Ellis says: “This gives us as intermediaries a reason to speak to everybody and suggest giving every employee access to things like virtual GPs. The one thing I’ve really picked up on is that virtual GP services have been appreciated during the pandemic, both by employers and employees.”
But in the SME space, where market penetration is the lowest, the primary challenge is still ensuring that employers offer the products at all. With different industries feeling different cost pressures, it is important that messages are tailored accordingly. Canada Life protection sales director Dan Crook says: “It’s about using new technologies to ensure benefits are available to more people without costing the earth, and we are currently piloting a potential solution. Some employers will become educators and facilitators rather than providers by offering voluntary and flex schemes.”
But the popularity of income protection within flex schemes has arguably been dented by recent HMRC clarification of the tax implications of employee top-ups. The elected element attracts a P11D liability but the benefit resulting from that element is tax-free – although the benefit resulting from the employer-paid component is taxable.
Zurich head of market management, corporate risk Nick Homer says: “Most of the clients of intermediaries I speak to no longer operate choice for employees on the level of income protection benefits because, with only a proportion of the total benefit being tax-free, the complexities around flex platforms being able to administer it and employers having to make the necessary amendments means it’s not worth doing.”
Even outside flex there are still the old tax issues that have hindered other group isk products, such as employer-paid critical illness cover constituting a P11D liability, registered group life impacting on the Lifetime Allowance, and excepted group life being subject to periodic trust charges.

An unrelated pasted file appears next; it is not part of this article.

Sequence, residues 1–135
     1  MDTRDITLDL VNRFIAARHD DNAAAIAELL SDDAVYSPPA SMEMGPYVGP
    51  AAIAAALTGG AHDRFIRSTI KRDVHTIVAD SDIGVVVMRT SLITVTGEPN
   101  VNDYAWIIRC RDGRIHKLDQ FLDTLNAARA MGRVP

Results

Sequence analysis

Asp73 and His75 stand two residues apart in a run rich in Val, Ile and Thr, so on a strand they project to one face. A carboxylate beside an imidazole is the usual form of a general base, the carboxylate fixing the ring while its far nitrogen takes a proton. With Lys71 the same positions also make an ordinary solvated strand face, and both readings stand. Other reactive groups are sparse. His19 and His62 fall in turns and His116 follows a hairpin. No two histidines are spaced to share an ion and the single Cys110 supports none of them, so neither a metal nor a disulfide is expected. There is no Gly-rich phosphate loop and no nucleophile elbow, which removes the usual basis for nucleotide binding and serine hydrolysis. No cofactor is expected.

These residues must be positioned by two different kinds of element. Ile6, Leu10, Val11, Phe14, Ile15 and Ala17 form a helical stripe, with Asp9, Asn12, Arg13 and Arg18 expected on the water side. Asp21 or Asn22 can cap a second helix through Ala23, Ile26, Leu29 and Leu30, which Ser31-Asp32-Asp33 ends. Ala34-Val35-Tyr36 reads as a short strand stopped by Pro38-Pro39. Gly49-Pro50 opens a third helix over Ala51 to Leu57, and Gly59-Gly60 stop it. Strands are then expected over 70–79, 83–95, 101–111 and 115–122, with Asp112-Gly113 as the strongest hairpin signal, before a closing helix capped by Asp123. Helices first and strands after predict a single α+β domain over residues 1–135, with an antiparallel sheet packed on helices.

Grid spokesperson Katharine Moxham says: “The rules for excepted and registered group life present a significant barrier to distribution. The charges are very arbitrary, raise very little revenue for HMRC and are highly complex and expensive for employers, whose eyes soon start glazing over when you begin talking about them. “The P11D charge on critical illness is also definitely a barrier for employer-paid cover, particularly for smaller employers. They don’t want to give employees a benefit that brings a tax charge and, although this can be tiny on the average premium of around £200 a year, it can be a real hassle to collect.”
There are still no signs of any breakthroughs on these issues and there is a general acceptance that politicians currently have more important fish to fry.
However, the government has effectively had to act as an insurer during the pandemic, paying out death benefits to frontline workers and proportions of salary to furloughed workers. So, there is optimism that this experience should eventually make it more willing to engage with the group risk industry on taxation and other issues.